An Introduction to Simulants or Imitation Gem Materials


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The jewellery industry uses special terms for manufactured and look-alike gemstones: synthetic and simulant. The differences between them are subtle, but very important. Synthetic refers to a man-made material with essentially the same chemical composition, crystal structure, and optical and physical properties as the natural gem material. There are also materials that simply look like natural gems. These products are called simulants or imitations, and can be either natural or man-made. Substitute is an older term for the same thing.

Man-made simulants

Synthetic spinel – synthetic spinel is often used as a simulant because it can mimic the look of many different natural gems (such as sapphire, zircon, aquamarine and peridot), depending on its colour. Its accurate reproduction of a wide variety of colours makes it a common choice for imitation birthstone jewellery. Prevalence: common.

  Synthetic Spinel
This group of synthetic spinel boules and cut stones illustrates how this man-made material can be made to look like other gemstones, such as ruby and various colours of sapphires.

Synthetic rutile – synthetic rutile was introduced in the late 1940s and used as an early diamond simulant. Made by the flame-fusion method, it is nearly colourless with a slight yellowish tint, but it can be made in a variety of colours by doping (adding chemicals during the growth process). Prevalence: rare. 

  Natural Diamond and Synthetic Rutile
Natural diamond (left) and various diamond simulants: (inner left to right) synthetic rutile, gadolinium gallium garnet (or GGG), synthetic spinel, strontium titanate, synthetic corundum, yittrium aluminium garnet (or YAG), and colourless zircon.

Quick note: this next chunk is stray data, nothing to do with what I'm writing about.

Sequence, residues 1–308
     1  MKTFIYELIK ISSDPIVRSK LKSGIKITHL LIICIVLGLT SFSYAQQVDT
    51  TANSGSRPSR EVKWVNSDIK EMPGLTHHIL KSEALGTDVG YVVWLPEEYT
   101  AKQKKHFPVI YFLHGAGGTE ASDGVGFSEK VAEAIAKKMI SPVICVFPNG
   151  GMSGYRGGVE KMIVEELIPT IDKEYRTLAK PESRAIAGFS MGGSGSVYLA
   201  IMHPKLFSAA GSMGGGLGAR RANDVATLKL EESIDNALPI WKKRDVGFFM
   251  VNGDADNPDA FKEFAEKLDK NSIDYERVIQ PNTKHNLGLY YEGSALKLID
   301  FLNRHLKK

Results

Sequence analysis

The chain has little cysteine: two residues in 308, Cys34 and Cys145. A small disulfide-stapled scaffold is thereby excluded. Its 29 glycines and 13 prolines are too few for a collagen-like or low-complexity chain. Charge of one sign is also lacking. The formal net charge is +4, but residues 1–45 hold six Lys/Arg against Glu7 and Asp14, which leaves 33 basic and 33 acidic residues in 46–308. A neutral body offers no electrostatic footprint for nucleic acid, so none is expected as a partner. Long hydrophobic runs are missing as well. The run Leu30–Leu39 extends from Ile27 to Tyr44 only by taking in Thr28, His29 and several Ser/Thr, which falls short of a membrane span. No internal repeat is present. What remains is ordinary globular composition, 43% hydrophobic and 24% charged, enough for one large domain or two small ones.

Strontium titanate – this colourless manmade material became a popular diamond simulant in the 1950s. However, its dispersion (the optical property that creates fire in a faceted gemstone) is over four times greater than diamond. Strontium titanate is most often produced by the flame-fusion method and can be made in colours, such as dark red and brown, by adding certain chemicals during the growth process. Prevalence: rare.

YAG and GGG – several manmade materials have been used as diamond simulants over the years. In the 1960s, yttrium aluminium garnet (YAG) and its “cousin” gadolinium gallium garnet (GGG) joined classic simulants like glass, natural zircon and colourless synthetic spinel. YAG and GGG are also available in a variety of colours. Prevalence: rare. 

  YAG
Yittrium aluminium garnet (or YAG) can be manufactured in a variety of colours such as those seen here. The colourless crystal is used as uncut material to fashion diamond simulants.

Synthetic cubic zirconia (CZ) – early diamond simulants have been almost entirely replaced in the past three decades by colourless CZ. It is made by a process called skull melting. As the material melts, the outer portion is kept cool to form a solid crust which then contains the melt. CZ can be produced in almost any colour, and in darker hues it is a convincing alternative for gems in purples, greens and other dark tones including black. Prevalence: common.

  Synthetic Cubic Zirconia
Cubic zirconia (or CZ) is also manufactured in a variety of colours, though colourless CZ makes the most convincing colourless diamond simulant.

Synthetic moissanite – colourless synthetic moissanite was introduced in the late 1990s as a diamond simulant. It is closer to diamond in overall appearance than any previous diamond imitation, but now it is most often sold as a gem in its own right. Prevalence: occasional.

  Natural diamond and synthetic moissanite
Natural diamond (left), and (inner left to right) laboratory grown moissanite in the near colourless to greenish range.

Glass – manufactured glass is an age-old gem imitation that is still used today. Since glass can be manufactured in virtually any colour, this makes it a popular substitute for many gems. Although it is less brilliant, glass is used to imitate stones like amethyst, aquamarine and peridot. It can also be made to look like natural phenomenal gems, like tiger’s eye and opal, and fused layers of glass can imitate the look of agate, malachite or tortoise shell. Prevalence: common. 

  Glass Malachite and Rutilated Quartz
Glass, such as this material, can be made to look like a variety of gemstones; in this case glass makes a convincing substitute for malachite (left) and rutilated quartz (right).